There are many misconceptions about the college admissions process, as well as mistakes that parents can make while trying to support their student. On today’s podcast, we are joined by Beth Pickett, where she explains how parents can help their student find their best fit college. This decision can be made by considering a multitude of factors instead of just the prestige and ranking of a school.
- Families don’t take the financial outlook of colleges into enough consideration
- Look at the big picture – how many students will you have to pay for in the family? Figure this out before applying to colleges
- Demonstrated interest: showing up if a college representative is making a visit to the student’s high school, visiting the campus if it’s within a 4-hour drive of your home, and early decision
- For students: Do anything to make a connection. Email the representative to ask a question and attend the online virtual information session
- For parents: open the email to double-check. Colleges track when you open their emails or visit their website
- Parents can help students stay organized and answer emails by using spreadsheets
- Complete target and likely schools first when you have the most energy. Then, tackle Ivy leagues and more unlikely schools later
- You want to hand in the best application you can. But, it’s not a matter of whether or not you’re worthy. It has a lot to do with institutional priorities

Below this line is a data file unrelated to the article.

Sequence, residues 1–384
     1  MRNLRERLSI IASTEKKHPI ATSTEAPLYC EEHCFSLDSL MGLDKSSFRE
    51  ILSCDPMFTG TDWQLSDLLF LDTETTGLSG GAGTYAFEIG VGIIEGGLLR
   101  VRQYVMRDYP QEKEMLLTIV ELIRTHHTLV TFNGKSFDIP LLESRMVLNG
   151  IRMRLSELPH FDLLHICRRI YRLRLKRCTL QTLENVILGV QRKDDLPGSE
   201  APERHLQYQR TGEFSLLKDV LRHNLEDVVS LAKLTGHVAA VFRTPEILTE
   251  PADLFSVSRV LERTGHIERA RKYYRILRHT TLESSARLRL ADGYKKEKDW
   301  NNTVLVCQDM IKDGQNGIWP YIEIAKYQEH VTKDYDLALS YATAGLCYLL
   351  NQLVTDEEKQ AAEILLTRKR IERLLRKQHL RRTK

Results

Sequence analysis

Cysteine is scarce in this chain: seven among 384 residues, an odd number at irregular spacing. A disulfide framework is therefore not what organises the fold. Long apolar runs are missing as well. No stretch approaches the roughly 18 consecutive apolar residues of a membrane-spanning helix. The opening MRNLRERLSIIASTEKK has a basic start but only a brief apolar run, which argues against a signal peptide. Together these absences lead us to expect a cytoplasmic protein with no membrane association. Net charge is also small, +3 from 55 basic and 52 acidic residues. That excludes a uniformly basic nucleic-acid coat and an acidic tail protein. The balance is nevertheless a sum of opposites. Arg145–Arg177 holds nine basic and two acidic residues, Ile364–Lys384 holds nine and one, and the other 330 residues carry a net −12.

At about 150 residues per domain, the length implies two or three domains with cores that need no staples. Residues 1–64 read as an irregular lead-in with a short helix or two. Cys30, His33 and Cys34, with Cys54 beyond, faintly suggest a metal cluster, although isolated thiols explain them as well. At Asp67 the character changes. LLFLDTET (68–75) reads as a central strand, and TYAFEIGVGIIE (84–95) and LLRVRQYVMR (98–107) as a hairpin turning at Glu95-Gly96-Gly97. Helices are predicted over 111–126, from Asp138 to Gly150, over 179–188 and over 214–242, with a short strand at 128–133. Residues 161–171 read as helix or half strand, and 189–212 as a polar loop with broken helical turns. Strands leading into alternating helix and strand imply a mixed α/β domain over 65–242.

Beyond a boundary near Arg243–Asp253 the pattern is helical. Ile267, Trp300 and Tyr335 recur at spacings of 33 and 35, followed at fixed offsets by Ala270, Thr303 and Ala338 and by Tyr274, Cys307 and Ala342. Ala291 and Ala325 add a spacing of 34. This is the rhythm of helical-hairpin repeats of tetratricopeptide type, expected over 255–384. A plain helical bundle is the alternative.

- Maybe the best fit for your student, academically, emotionally, and socially, is not going to be an Ivy League or schools with a 1% acceptance rate
Important Resources and Links:
College Admissions: The Essential Guide for Busy Parents
Meet Beth Pickett
Beth Pickett is the founder of College Prep Counseling and the author of the #1 Amazon bestseller, College Admissions: The Essential Guide for Busy Parents. She has been working with students across the U.S. as a college admissions counselor for 15 years. Her clients and essay students have earned admission to Harvard, Yale, Brown, UCLA, Stanford, Williams, and many other colleges and universities across the U.S.
A graduate of Stanford, Beth studied human and marine biology in college. She completed a post-graduate year afield, joining underwater expeditions with the National Geographic Society and the Cousteau Society, then working for Cousteau as a writer and editor.
She went on to earn her Certificate in College Counseling from UCLA and started working with families as an independent admissions consultant in 2007. She began teaching summer essay-writing seminars to 80+ rising seniors annually, then leading a team of editors to review the essays and offer suggestions for improvements before they were submitted to the colleges.
Beth is a member of the Higher Education Consultants Association (HECA) and resides in the seaside town of Ventura, California, with her two teenage boys.
Thank you Beth for enlightening both parents and students on the world of college admissions and how families can navigate this process in a smart and safe manner. Before applying to a college, parents should make sure their student will be in a financially-sound situation. If you are applying for financial aid, try to understand exactly what that aid is doing, or not doing, for the student. In the end, the college admissions process is not merit-based. Rather, it depends on the priorities of the institution. Students should not base their self-worth on whether they get admitted or not. It is more important that their college experience is academically, socially, and emotionally fulfilling. In the end, students should feel that the school that they are attending is the best fit for them, regardless of prestige or ranking.